4 T H E P R O G E R I A H A N D B O O K can be significant enough that children cannot walk barefoot and ambulation becomes limited. Younger children with Progeria have demonstrated delay in their balance responses which may result in injury. Assessment of both dynamic and static balance is indicated. The precise mechanism of the balance dysfunction is unknown, although contractures may play a role, especially in the more severely affected child. Interventions > Therapeutic exercise Range of motion exercises may be of some benefit in preserving joint range. Exercises should be done several times a week and stretches should be maintained at end range. Activities which cause the child to move through the full excursion of joint range of motion are more functional and more enjoyable for the children and should be encouraged. Aerobic conditioning is not necessarily indicated, as function is limited more often by joint contractures and pain and less by the secondary effects of cardiovascular impairment. However, it appears the more active the children are, the more functional they remain. Muscle strengthening may be beneficial for strengthening the muscles opposing the areas of most common contractures such as gluteus maximus, quadriceps, and gastrocsoleus complex to help maintain range of motion. Orthotics may be necessary to provide support or improve alignment. Fabrication of a well-padded orthotic that distributes the child s weight more evenly over the entire plantar surface of the foot is helpful in improving tolerance to ambulation by decreasing pain. > Functional training in self-care and home management Functional limitations include the inability to assume certain positions such as side-sitting or perform activities such as squatting or climbing stairs. Transitional movements such as moving through kneeling may also be difficult. Limitations in range of motion appear to be the primary reason for these difficulties. Short stature may also impact their function. Functional limitations will impact the child s ability to get on a school bus, negotiate playground equipment, and perform many self-care activities. T h e P r o g e r i a R e s e a r c h F o u n d a t i o n ; w w w. p r o g e r i a r e s e a r c h. o r g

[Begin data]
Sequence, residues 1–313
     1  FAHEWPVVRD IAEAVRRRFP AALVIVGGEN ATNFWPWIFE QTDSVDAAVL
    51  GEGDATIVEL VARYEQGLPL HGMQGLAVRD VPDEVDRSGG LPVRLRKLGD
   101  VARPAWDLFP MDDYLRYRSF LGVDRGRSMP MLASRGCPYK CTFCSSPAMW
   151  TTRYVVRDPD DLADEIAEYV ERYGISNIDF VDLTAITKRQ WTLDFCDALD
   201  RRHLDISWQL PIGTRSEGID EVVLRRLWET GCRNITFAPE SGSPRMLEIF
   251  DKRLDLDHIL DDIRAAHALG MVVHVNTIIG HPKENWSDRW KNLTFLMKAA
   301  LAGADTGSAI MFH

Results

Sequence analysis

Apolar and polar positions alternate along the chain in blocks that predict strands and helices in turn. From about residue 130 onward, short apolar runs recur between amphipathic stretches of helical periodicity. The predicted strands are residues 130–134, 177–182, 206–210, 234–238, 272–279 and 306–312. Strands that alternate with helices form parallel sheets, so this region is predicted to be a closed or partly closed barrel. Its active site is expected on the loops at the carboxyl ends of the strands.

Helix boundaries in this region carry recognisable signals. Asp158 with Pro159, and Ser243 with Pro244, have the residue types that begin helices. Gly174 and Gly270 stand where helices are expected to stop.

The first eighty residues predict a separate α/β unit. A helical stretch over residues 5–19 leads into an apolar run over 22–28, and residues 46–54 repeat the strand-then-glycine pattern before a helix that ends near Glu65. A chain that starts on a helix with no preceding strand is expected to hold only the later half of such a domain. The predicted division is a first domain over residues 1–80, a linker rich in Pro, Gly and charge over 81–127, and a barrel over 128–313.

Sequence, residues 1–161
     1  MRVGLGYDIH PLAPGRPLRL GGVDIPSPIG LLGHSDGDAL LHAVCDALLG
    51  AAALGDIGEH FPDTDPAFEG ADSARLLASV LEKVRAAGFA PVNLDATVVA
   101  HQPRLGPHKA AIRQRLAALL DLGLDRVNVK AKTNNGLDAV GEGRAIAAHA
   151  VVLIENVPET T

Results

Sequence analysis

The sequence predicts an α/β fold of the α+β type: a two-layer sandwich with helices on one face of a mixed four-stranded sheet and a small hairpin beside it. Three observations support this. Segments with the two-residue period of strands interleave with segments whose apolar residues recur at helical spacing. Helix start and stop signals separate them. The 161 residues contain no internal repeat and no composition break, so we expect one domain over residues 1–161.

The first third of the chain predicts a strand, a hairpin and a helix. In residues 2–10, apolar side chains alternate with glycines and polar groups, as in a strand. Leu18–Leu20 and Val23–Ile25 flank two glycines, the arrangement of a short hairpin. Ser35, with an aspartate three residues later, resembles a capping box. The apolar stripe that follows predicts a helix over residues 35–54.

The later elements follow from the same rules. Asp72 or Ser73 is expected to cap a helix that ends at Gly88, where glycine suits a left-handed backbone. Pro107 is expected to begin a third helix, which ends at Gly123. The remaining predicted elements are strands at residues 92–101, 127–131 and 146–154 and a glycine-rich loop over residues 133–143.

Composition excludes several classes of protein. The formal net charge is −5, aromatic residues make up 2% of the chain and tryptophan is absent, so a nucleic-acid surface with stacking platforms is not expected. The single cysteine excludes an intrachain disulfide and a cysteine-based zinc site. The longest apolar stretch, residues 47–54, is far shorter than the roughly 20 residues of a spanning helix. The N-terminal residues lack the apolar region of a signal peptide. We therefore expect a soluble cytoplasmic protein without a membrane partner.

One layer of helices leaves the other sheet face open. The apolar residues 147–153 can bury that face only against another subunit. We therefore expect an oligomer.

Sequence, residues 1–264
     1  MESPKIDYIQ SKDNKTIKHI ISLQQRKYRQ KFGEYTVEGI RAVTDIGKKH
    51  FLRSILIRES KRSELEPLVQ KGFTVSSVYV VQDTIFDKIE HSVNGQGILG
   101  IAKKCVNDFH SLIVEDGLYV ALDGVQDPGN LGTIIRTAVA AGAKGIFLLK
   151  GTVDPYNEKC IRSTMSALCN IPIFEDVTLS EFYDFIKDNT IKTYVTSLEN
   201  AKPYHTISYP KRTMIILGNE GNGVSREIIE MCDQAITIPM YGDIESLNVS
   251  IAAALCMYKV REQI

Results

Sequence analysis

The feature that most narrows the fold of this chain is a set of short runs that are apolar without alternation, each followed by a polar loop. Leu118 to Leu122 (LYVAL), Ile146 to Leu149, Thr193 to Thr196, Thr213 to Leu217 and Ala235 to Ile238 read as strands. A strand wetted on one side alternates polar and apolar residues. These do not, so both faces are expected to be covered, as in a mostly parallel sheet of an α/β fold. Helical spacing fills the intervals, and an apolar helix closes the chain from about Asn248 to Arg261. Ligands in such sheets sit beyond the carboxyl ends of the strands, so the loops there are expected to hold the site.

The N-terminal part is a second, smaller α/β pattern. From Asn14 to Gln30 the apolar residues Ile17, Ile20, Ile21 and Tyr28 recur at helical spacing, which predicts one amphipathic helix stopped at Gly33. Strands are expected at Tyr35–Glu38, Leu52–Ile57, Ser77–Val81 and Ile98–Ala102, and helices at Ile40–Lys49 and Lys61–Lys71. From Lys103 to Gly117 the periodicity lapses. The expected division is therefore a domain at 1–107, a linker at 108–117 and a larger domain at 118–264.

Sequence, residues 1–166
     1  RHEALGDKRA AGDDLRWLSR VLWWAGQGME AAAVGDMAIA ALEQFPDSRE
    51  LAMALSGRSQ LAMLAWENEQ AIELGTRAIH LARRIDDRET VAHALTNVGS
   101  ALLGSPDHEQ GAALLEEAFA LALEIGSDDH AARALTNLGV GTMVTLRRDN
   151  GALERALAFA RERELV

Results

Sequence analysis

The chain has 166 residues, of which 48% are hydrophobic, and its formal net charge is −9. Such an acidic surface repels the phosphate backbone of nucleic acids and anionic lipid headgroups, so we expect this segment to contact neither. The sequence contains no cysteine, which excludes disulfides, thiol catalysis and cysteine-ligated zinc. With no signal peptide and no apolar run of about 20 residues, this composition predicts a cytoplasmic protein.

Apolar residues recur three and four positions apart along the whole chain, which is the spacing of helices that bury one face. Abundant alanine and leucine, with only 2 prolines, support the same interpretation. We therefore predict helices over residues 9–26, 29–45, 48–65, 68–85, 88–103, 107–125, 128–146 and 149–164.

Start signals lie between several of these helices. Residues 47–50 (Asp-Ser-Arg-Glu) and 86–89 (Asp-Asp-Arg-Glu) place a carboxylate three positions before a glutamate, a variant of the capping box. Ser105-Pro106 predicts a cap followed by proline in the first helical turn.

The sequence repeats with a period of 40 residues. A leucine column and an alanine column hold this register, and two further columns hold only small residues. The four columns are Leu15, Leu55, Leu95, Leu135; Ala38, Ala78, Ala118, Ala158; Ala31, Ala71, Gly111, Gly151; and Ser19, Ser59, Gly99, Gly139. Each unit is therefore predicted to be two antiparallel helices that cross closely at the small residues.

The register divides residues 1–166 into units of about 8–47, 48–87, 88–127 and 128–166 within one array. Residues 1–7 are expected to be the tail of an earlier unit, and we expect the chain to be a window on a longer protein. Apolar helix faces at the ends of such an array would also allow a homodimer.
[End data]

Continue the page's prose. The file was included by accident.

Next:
5 P H Y S I C A L T H E R A P Y ( P T ) Assessment and provision of assistive devices to optimize independence is needed to allow the children to function similarly to their age-matched peers. Home modifications may also be necessary (refer to Occupational Therapy, section 13). > Functional training in work (job/school/play), community, and leisure integration Children with Progeria are generally socially and cognitively intact. Locomotor skills are limited due to contractures and short stature. Therefore, children with Progeria may have difficulty keeping up with their peers. Independent mobility is preferable to dependent forms of mobility such as being carried or using a commercial stroller. Provision of mobility devices to allow the children maximum participation in their environments is often necessary as the disease progresses. Mobility devices allow children with Progeria independent, as well as more age- and developmentally-appropriate, access to their environment. The devices can be an adjunct to mobility, and be situation specific, such as long distance mobility. Whenever feasible, the child should be encouraged to be as active as possible to maintain overall level of function. When available, power mobility (electric wheelchair) is preferable to manual wheelchairs due to the limitations in the upper extremities. Walkers may also be of some use particularly in children who have had strokes. Precautions Any sudden change in functional status, such as the loss of the ability to walk, or pain or significant change in range of motion should be evaluated by a physician even if there is no traumatic event. Although gentle stretching is part of PT care, aggressive stretching should be avoided as the risk of fracture as a result of this intervention is unknown. Due to the tendency towards the development of a calcaneal deformity, heel cord stretches should be avoided.